Hospitalized children undergo an average of approximately 7 painful procedures a day in Canada, often requiring pharmacological intervention to reduce pain and anxiety. Several potential anxiolytic agents are available, differing in adverse event profile, duration and degree of pain and distress reduction, and route of administration (intravenous, oral, intramuscular, intranasal). This variation has contributed to a lack of consensus on the optimal agent among clinicians and a request for more clinical research in this area.

A direct comparison of all paediatric anxiolytic options requires an unfeasibly large sample size and has inherent difficulties comparing treatments with diverse profiles. This project is building on the current clinical evidence to design a viable research program that will reduce clinical uncertainty in a cost-effective and timely manner. We will use Value of Information (VoI) methods to target research towards gaps in the current body of evidence that restrict clinicians’ ability to select the optimal anxiolytic. This project is: 

  1. Synthesizing information from published research on clinical outcomes (i.e. pain and distress reduction, adverse effects) and costs for the different therapeutic interventions to understand how clinical choices for anxiolytics are made.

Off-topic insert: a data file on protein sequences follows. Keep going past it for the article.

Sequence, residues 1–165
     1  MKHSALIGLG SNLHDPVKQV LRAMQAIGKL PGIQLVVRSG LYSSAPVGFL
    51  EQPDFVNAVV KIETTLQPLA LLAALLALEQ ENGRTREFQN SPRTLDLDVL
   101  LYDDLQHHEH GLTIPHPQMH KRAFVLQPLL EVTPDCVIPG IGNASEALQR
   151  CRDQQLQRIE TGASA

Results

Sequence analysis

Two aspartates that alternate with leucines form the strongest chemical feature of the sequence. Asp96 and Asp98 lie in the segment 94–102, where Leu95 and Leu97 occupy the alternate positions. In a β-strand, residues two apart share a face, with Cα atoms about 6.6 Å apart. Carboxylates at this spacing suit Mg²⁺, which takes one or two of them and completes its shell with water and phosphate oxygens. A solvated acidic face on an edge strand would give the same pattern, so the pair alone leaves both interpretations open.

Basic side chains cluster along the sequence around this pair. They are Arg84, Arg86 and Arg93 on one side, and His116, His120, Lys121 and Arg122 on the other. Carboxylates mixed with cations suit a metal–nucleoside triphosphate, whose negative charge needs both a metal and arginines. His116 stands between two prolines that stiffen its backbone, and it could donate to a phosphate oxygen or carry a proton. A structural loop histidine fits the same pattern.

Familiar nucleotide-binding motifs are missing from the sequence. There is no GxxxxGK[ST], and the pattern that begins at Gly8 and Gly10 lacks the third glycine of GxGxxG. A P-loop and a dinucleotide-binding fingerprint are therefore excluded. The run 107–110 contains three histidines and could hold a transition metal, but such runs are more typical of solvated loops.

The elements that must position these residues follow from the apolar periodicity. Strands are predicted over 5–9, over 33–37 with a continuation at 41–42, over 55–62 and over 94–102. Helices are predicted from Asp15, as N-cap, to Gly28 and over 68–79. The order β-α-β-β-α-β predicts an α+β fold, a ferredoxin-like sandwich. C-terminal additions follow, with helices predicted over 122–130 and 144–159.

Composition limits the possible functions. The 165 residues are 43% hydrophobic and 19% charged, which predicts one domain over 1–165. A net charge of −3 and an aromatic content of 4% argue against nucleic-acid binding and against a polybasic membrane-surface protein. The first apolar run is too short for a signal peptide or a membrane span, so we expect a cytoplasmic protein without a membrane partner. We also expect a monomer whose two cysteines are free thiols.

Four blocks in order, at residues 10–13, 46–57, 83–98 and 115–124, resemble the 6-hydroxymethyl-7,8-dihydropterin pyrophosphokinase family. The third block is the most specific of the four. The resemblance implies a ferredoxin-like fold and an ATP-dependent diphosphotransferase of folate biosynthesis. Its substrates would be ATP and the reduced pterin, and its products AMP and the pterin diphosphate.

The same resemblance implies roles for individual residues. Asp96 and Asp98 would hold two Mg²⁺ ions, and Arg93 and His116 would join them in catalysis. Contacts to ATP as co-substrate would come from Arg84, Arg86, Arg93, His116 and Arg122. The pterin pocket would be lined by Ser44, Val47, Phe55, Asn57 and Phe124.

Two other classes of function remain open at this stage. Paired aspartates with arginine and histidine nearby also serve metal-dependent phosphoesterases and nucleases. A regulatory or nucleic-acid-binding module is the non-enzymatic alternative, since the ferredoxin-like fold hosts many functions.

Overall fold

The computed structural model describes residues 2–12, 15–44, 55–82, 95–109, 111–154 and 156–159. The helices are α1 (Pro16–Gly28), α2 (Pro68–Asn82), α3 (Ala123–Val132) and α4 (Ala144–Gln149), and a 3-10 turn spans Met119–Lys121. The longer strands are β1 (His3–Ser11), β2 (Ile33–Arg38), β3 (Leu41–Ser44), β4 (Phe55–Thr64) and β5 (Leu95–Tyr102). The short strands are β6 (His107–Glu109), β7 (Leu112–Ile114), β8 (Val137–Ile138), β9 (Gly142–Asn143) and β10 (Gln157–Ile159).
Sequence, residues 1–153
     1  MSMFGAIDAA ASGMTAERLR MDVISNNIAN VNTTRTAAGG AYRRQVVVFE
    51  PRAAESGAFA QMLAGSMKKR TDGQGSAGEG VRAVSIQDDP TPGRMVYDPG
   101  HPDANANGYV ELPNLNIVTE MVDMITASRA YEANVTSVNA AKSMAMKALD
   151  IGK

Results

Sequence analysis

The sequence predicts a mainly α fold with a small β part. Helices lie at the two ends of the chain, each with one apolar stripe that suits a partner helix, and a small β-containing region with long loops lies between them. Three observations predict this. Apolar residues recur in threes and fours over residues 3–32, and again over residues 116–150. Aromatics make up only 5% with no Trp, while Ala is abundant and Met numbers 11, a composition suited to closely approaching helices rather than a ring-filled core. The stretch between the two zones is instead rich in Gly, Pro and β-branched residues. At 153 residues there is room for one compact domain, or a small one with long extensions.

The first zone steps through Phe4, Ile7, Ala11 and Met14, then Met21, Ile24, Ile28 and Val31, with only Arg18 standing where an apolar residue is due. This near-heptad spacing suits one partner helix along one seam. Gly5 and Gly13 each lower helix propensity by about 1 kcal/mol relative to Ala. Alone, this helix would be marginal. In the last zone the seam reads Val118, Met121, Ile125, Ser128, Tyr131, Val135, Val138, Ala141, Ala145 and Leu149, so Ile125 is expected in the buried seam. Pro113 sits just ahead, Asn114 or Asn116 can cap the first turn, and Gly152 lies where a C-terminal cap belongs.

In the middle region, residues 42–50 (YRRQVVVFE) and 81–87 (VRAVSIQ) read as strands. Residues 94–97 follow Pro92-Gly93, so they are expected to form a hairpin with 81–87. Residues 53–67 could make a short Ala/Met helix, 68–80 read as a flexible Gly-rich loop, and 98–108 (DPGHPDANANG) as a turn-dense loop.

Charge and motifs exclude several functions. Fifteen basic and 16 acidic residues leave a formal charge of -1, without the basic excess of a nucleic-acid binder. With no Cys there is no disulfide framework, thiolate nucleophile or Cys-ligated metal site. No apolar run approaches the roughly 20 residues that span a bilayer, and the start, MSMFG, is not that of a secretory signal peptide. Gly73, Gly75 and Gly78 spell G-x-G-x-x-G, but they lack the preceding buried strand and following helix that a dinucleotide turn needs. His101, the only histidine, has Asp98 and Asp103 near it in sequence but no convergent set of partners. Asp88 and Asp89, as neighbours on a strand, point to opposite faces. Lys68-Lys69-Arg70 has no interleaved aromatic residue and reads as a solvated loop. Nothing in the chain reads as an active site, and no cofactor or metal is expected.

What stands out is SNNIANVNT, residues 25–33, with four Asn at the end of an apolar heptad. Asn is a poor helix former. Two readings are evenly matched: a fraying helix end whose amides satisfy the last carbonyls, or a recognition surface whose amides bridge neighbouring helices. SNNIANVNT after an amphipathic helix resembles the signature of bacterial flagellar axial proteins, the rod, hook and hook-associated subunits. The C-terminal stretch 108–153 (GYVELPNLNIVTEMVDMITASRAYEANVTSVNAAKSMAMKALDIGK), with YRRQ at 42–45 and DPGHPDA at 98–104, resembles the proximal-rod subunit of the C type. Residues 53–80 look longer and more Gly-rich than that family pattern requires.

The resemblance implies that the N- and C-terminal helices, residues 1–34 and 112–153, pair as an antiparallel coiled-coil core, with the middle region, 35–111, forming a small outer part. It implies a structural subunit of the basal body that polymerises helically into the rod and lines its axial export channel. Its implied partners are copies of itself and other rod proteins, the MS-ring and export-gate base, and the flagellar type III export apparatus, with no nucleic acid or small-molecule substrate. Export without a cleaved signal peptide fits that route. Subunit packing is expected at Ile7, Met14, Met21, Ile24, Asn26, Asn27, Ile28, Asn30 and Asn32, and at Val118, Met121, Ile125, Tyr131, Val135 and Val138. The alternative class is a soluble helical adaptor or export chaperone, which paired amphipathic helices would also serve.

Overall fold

2. Employing VoI methods to assess what, if any, additional research should be carried out to guide clinical decision-making.
  3. Undertaking a pilot study to assess the feasibility of our proposed research strategy. 

To date, VoI methods have been chiefly presented in theoretical terms and have not been translated effectively in to clinical research. A key reason for this is the difference between determining statistical significance, usually required in clinical research, and supporting decision making using decision analysis. Thus, this project is working with an interdisciplinary team across Canada to overcome this hurdle and successfully translate VoI into clinical research, improving efficiency and reduce costs of research across diverse disease areas. This project will also inform a key clinical question; what is the optimal anxiolytic agent and route for use in children?